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Cambridge House for the Guardian: Renters must be able to hold private landlords to account

nightmare tenants slum landlords, channel 5, roz spencer, safer renting, safer renting blog, contact, licensing, public sector, housing enforcement,Safer Renting Director Roz Spencer shares insights into London’s broken private rented market and demands proper protections for renters in The Guardian.

Safer Renting creates pathways out of slum rentals for victims of criminal landlords.We influence social policy to create better conditions for renters and drive slum landlords out of business, and it’s great to see our work getting out there.  You can find out more about what we do on our Safer Renting page, and can support our work here.

An excerpt from the article is below, and you can read the full piece here:

“Evictions from a private tenancy are a major part of the 78% rise in homelessness since 2011. So-called allow private landlords to turf tenants out without any reason, and the Joseph Rowntree Foundation attributes 80% of the recent rise in evictions to this process. We must be able to hold landlords to account if we are to lower the numbers of people that end up at local authorities’ doors.

The long awaited Homelessness Reduction Act has come into force, but already stretched local authorities are understandably concerned about the implications of this new duty, which places new legal duties on councils to ensure that anyone who is homeless or at risk of homelessness has access to meaningful help, irrespective of their priority need status.

London councils have stated that even with the £61m additional funding provided nationally over the next three years to help them fulfil this duty, they will be left with a gaping financial black hole to fulfil this obligation.I am all for obliging councils to invest money in preventing homelessness – but we need to address some of the key reasons increasing numbers of people are becoming homeless in the first place.”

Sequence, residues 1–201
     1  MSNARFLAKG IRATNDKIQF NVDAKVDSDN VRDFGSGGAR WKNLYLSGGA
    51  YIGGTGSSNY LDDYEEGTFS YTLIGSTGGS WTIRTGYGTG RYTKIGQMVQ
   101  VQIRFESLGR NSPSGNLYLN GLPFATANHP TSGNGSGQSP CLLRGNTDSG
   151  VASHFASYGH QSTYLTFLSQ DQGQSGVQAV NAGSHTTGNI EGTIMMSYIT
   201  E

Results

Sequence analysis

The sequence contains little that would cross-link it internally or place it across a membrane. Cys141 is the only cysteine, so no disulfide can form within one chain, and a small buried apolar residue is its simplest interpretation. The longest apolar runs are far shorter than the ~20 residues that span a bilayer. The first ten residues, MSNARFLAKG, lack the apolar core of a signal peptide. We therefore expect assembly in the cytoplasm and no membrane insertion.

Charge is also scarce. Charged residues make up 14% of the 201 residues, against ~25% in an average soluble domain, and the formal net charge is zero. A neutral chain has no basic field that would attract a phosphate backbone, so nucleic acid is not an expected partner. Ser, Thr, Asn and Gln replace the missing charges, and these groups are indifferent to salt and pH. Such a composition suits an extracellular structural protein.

Cambridge House wins Sports Development Award at London Youth Awards!

Sensational Sports, London Youth Awards, June Lois, Rob Anderson, Chris Fairley, Rachel Zipfel

June holding her award with Cambridge House colleagues at the London Youth Awards in March 2018

We’re thrilled to announce that Cambridge House’s SENsational Sports team won the Sports Development Award at the London Youth Awards! Under the exceptional leadership of June Lois, a Cambridge House veteran, our SENSports team enable young people with profound and multiple learning and/or physical disabilities to get active, improve muscle tone and experience weightlessness.

In a fantastic ceremony at Channel 4’s headquarters – which saw Cambridge House share a stage with talented young dancers, comedians and campaigners – June accepted a thoroughly-earned trophy presented by our friends at the Jack Petchey Foundation. Our SENsports team are going from strength to strength, and we’re immensely proud of the innovative and inspirational work they do.